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Baseline Plasma C-Reactive Protein Concentrations and Motor Prognosis in Parkinson Disease.
PLoS One. 2015; 10(8):e0136722.Plos

Abstract

BACKGROUND

C-reactive protein (CRP), a blood inflammatory biomarker, is associated with the development of Alzheimer disease. In animal models of Parkinson disease (PD), systemic inflammatory stimuli can promote neuroinflammation and accelerate dopaminergic neurodegeneration. However, the association between long-term systemic inflammations and neurodegeneration has not been assessed in PD patients.

OBJECTIVE

To investigate the longitudinal effects of baseline CRP concentrations on motor prognosis in PD.

DESIGN, SETTING, AND PARTICIPANTS

Retrospective analysis of 375 patients (mean age, 69.3 years; mean PD duration, 6.6 years). Plasma concentrations of high-sensitivity CRP were measured in the absence of infections, and the Unified Parkinson's Disease Rating Scale Part III (UPDRS-III) scores were measured at five follow-up intervals (Days 1-90, 91-270, 271-450, 451-630, and 631-900).

MAIN OUTCOME MEASURE

Change of UPDRS-III scores from baseline to each of the five follow-up periods.

RESULTS

Change in UPDRS-III scores was significantly greater in PD patients with CRP concentrations ≥0.7 mg/L than in those with CRP concentrations <0.7 mg/L, as determined by a generalized estimation equation model (P = 0.021) for the entire follow-up period and by a generalized regression model (P = 0.030) for the last follow-up interval (Days 631-900). The regression coefficients of baseline CRP for the two periods were 1.41 (95% confidence interval [CI] 0.21-2.61) and 2.62 (95% CI 0.25-4.98), respectively, after adjusting for sex, age, baseline UPDRS-III score, dementia, and incremental L-dopa equivalent dose.

CONCLUSION

Baseline plasma CRP levels were associated with motor deterioration and predicted motor prognosis in patients with PD. These associations were independent of sex, age, PD severity, dementia, and anti-Parkinsonian agents, suggesting that subclinical systemic inflammations could accelerate neurodegeneration in PD.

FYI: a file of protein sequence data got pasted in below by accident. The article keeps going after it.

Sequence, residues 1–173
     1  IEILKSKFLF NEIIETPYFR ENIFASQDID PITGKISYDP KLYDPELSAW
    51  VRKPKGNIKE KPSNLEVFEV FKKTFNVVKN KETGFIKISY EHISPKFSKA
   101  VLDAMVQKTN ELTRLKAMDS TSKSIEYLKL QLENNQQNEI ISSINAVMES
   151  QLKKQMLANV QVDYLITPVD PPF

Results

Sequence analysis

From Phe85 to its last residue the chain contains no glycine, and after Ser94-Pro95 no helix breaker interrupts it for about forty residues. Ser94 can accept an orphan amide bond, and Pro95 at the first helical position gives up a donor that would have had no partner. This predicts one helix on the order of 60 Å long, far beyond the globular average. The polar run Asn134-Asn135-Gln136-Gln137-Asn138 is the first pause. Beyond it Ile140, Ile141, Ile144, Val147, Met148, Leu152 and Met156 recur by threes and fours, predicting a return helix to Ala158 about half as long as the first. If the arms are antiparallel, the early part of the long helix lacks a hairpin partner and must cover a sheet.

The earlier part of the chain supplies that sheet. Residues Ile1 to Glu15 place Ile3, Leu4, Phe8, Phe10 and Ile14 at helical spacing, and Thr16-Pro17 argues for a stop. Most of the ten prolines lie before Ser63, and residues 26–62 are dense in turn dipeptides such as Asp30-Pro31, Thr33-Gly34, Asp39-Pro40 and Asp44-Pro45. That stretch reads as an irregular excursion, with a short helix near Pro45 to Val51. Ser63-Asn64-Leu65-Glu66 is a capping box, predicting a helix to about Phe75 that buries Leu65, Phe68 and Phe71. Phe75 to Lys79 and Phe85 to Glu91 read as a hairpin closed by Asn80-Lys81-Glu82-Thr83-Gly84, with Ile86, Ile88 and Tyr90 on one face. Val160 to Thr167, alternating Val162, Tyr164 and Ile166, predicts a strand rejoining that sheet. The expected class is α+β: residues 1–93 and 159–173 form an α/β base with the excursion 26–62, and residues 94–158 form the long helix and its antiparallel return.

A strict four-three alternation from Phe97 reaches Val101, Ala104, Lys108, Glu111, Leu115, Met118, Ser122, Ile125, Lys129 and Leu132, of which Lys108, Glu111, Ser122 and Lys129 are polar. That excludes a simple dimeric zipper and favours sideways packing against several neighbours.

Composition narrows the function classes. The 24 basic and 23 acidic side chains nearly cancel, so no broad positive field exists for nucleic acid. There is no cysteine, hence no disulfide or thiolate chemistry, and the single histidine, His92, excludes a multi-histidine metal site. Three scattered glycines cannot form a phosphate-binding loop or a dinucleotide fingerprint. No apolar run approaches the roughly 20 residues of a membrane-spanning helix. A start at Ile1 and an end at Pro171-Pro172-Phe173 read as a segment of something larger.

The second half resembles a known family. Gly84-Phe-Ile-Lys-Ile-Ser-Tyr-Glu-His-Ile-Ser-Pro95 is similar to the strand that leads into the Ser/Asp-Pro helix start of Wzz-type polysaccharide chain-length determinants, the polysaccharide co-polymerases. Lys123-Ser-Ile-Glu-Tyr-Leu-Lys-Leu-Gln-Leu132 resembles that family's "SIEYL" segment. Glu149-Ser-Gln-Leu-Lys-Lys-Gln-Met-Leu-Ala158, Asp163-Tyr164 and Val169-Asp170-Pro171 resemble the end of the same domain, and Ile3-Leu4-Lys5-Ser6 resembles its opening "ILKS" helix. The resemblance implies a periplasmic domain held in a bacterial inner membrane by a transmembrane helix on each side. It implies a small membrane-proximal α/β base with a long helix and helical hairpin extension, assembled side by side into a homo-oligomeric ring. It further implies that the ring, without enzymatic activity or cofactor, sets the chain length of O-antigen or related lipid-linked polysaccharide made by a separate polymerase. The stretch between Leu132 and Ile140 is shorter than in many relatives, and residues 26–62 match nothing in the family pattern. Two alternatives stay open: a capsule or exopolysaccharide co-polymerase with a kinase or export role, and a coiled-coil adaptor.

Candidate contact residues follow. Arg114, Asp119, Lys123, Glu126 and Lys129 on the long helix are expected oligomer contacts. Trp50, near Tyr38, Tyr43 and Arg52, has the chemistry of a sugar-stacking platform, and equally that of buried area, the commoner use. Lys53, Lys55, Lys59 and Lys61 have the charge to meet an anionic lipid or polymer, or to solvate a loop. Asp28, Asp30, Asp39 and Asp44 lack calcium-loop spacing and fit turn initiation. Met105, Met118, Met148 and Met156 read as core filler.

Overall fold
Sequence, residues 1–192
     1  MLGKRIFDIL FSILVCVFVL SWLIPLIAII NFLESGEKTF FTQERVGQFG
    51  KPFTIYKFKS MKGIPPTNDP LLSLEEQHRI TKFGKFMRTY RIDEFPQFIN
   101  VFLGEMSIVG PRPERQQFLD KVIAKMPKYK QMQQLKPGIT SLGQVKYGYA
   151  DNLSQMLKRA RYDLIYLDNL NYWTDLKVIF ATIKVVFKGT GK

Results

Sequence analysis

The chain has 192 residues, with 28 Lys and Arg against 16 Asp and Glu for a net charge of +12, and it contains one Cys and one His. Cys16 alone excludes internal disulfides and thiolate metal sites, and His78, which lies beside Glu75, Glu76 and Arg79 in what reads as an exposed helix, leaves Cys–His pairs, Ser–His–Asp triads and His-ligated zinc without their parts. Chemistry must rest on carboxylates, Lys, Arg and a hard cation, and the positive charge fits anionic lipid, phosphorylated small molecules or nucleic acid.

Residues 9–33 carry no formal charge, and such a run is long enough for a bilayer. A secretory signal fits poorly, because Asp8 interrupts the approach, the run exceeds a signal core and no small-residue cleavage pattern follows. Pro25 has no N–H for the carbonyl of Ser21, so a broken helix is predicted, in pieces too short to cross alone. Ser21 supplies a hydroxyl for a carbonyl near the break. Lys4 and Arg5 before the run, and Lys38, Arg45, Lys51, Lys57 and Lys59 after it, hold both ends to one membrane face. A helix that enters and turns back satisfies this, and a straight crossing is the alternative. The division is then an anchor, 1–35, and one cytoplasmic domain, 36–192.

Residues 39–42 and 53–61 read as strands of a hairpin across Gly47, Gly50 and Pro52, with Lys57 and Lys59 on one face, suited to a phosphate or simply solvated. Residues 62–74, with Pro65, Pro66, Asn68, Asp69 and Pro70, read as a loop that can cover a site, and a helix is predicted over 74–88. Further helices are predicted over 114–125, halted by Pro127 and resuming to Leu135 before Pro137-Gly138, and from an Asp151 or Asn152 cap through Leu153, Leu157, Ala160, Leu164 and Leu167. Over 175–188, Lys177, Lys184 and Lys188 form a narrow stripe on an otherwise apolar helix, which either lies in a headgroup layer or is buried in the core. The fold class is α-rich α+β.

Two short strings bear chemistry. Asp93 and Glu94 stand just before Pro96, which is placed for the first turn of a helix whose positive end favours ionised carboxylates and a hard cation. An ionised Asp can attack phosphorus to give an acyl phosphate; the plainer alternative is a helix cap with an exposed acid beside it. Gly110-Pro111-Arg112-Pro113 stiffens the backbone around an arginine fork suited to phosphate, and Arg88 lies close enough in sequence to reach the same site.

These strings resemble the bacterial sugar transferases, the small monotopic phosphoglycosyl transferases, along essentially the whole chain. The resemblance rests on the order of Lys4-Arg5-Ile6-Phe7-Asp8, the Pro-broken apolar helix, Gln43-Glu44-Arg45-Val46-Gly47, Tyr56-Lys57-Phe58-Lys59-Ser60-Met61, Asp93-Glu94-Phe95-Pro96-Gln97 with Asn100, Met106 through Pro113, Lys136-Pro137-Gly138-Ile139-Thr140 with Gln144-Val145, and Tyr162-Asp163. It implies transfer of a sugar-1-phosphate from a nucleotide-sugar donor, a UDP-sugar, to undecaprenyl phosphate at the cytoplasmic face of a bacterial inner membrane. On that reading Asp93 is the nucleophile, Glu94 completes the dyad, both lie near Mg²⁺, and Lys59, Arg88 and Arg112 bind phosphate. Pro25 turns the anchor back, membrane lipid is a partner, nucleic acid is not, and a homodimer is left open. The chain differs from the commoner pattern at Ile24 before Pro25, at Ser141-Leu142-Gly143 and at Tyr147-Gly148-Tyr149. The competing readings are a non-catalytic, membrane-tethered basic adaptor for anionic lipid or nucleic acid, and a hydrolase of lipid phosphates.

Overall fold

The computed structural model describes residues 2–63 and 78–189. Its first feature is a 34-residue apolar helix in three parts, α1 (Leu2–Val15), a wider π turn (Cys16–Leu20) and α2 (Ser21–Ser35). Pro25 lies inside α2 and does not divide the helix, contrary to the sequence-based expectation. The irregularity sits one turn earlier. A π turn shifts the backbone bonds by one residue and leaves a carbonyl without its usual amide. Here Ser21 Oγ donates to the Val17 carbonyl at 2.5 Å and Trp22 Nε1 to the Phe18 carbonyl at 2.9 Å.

Authors+Show Affiliations

Department of Neurology and Clinical Research Center, National Hospital of Utano, National Hospital Organization, Kyoto, Japan.Department of Neurology and Clinical Research Center, National Hospital of Utano, National Hospital Organization, Kyoto, Japan.Department of Neurology and Clinical Research Center, National Hospital of Utano, National Hospital Organization, Kyoto, Japan.Department of Neurology and Clinical Research Center, National Hospital of Utano, National Hospital Organization, Kyoto, Japan.Department of Neurology and Clinical Research Center, National Hospital of Utano, National Hospital Organization, Kyoto, Japan.Department of Neurology and Clinical Research Center, National Hospital of Utano, National Hospital Organization, Kyoto, Japan.Department of Neurology and Clinical Research Center, National Hospital of Utano, National Hospital Organization, Kyoto, Japan.Department of Neurology and Clinical Research Center, National Hospital of Utano, National Hospital Organization, Kyoto, Japan.

Pub Type(s)

Comparative Study
Journal Article
Research Support, Non-U.S. Gov't

Language

eng

PubMed ID

26308525

Citation

Umemura, Atsushi, et al. "Baseline Plasma C-Reactive Protein Concentrations and Motor Prognosis in Parkinson Disease." PloS One, vol. 10, no. 8, 2015, pp. e0136722.